Stocks rallied strongly today as petroleum prices fell to a six-week low and investors saw profit opportunities in the massive Gulf Coast rebuilding pledged by President Bush.

Crude oil fell $1.75 a barrel to $63 and gasoline dropped more than 11 cents a gallon after several reports showed demand falling rapidly in response to high prices.

Wall Street picked Louisiana-Pacific Corp., the big lumber and plywood producer, as one of the obvious beneficiaries of the rebuilding project, which will pump $200 billion or more into the region hit by Hurricane Katrina.

While the reconstruction is expected to stimulate the economy, it also renews the threat of inflation, which pushed up interest rates in the bond market.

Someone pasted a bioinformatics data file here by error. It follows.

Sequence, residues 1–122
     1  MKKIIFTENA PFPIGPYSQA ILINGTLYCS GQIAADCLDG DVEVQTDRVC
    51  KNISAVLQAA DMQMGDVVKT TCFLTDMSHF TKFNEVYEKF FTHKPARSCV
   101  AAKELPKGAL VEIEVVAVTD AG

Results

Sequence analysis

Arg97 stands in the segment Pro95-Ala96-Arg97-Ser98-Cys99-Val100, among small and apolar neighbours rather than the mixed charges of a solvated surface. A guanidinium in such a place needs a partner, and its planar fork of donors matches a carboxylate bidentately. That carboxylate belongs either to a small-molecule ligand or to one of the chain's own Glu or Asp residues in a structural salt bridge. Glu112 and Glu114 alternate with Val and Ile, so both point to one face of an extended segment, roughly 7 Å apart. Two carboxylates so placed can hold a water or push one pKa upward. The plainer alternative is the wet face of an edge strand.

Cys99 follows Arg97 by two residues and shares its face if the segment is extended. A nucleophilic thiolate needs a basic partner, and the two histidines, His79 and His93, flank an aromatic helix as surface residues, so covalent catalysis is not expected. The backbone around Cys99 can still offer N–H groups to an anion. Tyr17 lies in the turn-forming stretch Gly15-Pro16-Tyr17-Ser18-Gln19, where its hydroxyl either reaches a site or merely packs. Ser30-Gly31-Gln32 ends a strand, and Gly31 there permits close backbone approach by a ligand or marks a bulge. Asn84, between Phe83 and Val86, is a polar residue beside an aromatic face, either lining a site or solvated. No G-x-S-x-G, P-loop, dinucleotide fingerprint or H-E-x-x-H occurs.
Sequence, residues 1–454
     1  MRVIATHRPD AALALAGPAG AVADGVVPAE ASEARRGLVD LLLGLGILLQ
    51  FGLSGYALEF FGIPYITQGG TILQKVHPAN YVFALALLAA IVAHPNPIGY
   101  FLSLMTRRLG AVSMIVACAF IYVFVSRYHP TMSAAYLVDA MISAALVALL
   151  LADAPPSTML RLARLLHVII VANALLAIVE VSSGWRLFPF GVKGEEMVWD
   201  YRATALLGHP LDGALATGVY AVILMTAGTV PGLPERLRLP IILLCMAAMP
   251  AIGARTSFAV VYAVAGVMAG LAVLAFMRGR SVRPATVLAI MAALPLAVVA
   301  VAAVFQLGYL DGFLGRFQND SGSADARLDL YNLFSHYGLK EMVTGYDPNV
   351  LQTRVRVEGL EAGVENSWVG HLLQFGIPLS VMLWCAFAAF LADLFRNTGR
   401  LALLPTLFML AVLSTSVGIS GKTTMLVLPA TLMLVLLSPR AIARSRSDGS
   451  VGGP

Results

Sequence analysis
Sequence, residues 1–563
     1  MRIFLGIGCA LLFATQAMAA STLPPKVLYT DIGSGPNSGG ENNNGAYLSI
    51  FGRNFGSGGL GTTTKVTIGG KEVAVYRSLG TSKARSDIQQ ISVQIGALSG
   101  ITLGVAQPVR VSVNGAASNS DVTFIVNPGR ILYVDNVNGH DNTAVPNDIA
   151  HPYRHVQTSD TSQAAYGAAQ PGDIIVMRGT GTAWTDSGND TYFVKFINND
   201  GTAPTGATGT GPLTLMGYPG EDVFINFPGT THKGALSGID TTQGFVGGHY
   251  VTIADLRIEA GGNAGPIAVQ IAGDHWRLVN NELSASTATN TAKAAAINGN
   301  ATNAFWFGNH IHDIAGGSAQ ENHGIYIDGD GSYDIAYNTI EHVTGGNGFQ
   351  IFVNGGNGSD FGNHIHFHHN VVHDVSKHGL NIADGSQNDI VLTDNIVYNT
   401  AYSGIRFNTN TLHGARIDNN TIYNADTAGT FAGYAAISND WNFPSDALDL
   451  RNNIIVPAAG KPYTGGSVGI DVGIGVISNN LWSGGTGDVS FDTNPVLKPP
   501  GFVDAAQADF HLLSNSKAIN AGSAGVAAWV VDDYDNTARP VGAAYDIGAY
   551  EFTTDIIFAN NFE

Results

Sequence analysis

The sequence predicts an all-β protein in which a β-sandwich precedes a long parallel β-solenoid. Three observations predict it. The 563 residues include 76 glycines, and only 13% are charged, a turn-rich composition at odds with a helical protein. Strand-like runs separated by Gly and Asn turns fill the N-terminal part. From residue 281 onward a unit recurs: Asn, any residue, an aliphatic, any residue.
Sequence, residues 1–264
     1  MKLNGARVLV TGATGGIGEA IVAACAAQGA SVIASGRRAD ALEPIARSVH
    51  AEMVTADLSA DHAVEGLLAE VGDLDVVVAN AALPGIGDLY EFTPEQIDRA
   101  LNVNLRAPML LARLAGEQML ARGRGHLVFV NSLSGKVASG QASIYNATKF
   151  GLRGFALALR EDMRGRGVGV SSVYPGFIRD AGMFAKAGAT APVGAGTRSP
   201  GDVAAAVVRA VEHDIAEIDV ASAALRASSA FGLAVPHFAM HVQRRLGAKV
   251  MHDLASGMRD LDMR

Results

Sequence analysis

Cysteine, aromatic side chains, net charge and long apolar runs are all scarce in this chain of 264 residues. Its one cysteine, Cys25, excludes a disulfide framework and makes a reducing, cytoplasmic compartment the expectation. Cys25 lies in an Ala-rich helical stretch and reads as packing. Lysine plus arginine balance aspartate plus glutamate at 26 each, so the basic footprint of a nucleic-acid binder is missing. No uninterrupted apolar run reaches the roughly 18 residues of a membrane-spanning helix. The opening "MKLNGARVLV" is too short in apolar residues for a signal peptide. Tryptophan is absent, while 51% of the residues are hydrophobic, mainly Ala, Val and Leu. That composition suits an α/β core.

Hope that the hurricane might dissuade the Federal Reserve from continuing to raise rates is fading fast. Now Wall Street's view is that the fed will boost rates at its meeting next week and will continue to raise them through the end of the year.

The storm continues to take its toll, with consumer confidence plunging to a 13-year low in the latest University of Michigan survey.

Why Wall Street was so sanguine today about sagging confidence and rising rates was not clear, but today's strong gains still left the closely-watched indexes down for the week.

The Dow Jones industrial average climbed 83 points today to 10,641.94, off 37 points for the week.

The Nasdaq Stock Market composite index gained 14 to 2,160.35, off 15 points for the week, while the Standard & Poor's 500 stock index closed almost 10 points higher today at 1,237.91, but was off almost four points for the week.